Hi, friends! It’s already June, and I can’t keep up with 2020 anymore. I didn’t get a lot of reading done during May with all that is happening in the world right now. Here are my thoughts on five books I did read:
LILAC GIRLS by Martha Hall Kelly
This book was recommended by quite a few friends, and it definitely lived up to the hype for me. The story follows three women during and after WWII—a Polish teenager working for the underground movement, a German doctor who can’t find a job because she’s a woman, and an American philanthropist volunteering at the French Embassy. Their stories merge together in connection to Ravensbrück, one of the women-only Nazi concentration camps. As expected for a book set during the WWII, there was a lot of pain and horror, but also hope and strength.
LITTLE WHITE LIES by Jennifer Lynn Barnes
This was the fun, lighthearted read of the month! I was struggling to get into another book (which was supposed to be a fun, lighthearted read!) for a week and a half, and Little Whites Lies saved me from my reading rut. One day, Sawyer, who grew up with a single mother (after she was disowned by her family), is approached by her affluent grandmother and agrees to participate in the debutante season in exchange for college tuition. She’s also motivated to find out about her biological father. The plot develops around debutante drama and family mysteries, and there are definitely surprises. The premise is so different from my reality, and it was a great escape!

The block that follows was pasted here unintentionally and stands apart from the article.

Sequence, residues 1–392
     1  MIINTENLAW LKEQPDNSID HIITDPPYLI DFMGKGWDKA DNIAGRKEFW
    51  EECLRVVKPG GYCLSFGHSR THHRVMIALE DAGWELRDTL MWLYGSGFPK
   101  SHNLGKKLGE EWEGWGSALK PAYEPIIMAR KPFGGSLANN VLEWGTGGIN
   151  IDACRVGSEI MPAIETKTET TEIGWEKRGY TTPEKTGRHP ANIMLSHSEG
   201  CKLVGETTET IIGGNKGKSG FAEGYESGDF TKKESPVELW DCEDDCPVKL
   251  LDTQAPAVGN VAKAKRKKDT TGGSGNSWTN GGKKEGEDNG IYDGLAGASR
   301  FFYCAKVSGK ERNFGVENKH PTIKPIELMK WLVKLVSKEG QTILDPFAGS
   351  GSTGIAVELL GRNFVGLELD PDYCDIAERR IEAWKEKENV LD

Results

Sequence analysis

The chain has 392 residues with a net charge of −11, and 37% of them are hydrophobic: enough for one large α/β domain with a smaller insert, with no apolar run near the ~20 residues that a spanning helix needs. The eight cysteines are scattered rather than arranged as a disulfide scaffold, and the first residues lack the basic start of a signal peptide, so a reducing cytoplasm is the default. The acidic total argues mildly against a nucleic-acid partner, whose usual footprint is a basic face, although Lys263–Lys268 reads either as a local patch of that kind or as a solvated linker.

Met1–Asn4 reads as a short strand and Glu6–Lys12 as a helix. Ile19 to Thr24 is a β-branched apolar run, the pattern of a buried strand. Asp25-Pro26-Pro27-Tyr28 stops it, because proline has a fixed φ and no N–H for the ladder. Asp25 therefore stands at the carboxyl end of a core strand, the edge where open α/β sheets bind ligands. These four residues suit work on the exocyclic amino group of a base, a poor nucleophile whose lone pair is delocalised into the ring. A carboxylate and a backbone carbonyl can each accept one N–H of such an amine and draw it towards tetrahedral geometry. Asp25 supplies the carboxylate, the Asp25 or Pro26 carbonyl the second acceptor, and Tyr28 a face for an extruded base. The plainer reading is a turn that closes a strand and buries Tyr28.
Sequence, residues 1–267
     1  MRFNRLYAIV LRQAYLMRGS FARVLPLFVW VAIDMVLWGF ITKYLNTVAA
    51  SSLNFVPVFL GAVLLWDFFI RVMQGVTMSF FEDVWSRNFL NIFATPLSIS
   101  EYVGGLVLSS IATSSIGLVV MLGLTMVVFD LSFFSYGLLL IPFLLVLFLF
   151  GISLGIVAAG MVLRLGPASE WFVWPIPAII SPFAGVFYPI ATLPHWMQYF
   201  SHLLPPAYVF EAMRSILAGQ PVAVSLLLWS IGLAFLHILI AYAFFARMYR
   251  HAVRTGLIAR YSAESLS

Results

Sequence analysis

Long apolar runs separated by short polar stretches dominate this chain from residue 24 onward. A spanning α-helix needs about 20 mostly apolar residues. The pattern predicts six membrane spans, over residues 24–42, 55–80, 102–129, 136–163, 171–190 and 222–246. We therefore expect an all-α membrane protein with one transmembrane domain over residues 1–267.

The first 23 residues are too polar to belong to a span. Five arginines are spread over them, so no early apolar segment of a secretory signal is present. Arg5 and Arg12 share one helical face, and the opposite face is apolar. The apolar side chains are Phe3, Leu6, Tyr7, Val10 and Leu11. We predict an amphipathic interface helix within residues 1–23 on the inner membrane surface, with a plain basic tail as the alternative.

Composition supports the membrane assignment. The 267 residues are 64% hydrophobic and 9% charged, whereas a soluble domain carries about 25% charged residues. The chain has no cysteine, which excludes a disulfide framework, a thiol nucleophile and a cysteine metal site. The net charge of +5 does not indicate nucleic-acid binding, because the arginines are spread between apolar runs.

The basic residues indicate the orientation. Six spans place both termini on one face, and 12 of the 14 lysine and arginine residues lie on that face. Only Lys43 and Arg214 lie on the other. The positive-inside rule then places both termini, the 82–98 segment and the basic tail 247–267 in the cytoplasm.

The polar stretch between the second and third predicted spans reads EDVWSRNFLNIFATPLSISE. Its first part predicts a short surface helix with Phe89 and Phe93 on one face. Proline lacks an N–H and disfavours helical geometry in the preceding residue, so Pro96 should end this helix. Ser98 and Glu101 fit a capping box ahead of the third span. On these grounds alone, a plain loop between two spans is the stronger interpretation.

THE MOMENT OF LIFT by Melinda Gates
The Moment of Lift is about women around the globe Melinda Gates met through her philanthropic work at the Gates Foundation. I hadn’t realized how invested and involved Melinda Gates has been in empowering women and women’s rights. Some parts of the book are heartbreaking—the book tells stories of women and girls who die because they do not have access to healthcare systems, girls who are forced into child marriages, and families who are trapped in a cycle of poverty. I definitely cried a few times, but these stories are powerful. In telling these stories, Melinda Gates reminds us lifting women means lifting all people in their communities and that we need to listen to the women in order to lift them up.
UNTAMED by Glennon Doyle
To be frank, I had no idea who Glennon Doyle was before reading this book and I typically don’t like self-help books. With that said, this book reads like half-memoir/half-self-help book, and I did appreciate how vulnerable Doyle is in sharing her journey to finding herself. Though her advice on trusting your internal voice to find happiness sounds extremely clichéd, I found her story to be courageous, and it’s worth listening to. You’ll especially get a lot out of this book if you are a white Christian woman who is or wants to be a mother.
THE LIBRARY BOOK by Susan Orlean
This book surprised me! I only read this since it was one of Reese Witherspoon’s book club picks and I read all of her book picks. I expected the book to be solely about the Los Angeles Library Fire (which I had not known about before). The story does follow the fire and the aftermath of rebuilding the library and the arson investigation. However, a good chunk of the book is about libraries—the history (and all the drama) of LA library system and librarians, all the details and moving parts of library operations, how a public library is one of the most equally accessible space to the community, and more. Like the author, I grew up going to the public library every weekend and have a fondness for libraries. This book made me appreciate libraries and librarians more and also want to work at a library!
What did you read this month? Do you have any recommendations for me?
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